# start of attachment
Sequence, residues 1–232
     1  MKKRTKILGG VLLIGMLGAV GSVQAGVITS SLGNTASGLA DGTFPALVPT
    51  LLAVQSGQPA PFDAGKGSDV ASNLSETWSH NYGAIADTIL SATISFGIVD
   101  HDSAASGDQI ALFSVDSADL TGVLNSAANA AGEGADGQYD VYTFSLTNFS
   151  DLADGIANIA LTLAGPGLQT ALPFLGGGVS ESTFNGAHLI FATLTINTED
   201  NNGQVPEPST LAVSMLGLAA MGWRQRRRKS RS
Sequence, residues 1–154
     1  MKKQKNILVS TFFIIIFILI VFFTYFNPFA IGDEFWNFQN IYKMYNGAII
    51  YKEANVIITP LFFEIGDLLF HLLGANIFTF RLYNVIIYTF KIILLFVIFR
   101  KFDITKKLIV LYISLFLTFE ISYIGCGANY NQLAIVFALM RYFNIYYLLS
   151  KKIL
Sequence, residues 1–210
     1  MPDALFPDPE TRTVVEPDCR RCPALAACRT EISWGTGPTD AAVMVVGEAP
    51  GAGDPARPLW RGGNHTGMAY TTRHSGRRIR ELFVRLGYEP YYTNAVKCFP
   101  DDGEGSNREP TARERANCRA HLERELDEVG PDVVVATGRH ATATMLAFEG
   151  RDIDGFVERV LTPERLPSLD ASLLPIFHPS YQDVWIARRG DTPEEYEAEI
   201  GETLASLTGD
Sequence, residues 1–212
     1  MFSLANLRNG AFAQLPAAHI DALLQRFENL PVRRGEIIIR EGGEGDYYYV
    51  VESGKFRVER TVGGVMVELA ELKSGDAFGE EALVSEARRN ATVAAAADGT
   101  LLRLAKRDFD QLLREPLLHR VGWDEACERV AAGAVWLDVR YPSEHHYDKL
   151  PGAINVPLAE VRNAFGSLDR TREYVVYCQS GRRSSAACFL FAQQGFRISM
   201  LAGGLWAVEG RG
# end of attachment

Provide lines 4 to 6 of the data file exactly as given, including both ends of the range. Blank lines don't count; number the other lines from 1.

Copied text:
   101  HDSAASGDQI ALFSVDSADL TGVLNSAANA AGEGADGQYD VYTFSLTNFS
   151  DLADGIANIA LTLAGPGLQT ALPFLGGGVS ESTFNGAHLI FATLTINTED
   201  NNGQVPEPST LAVSMLGLAA MGWRQRRRKS RS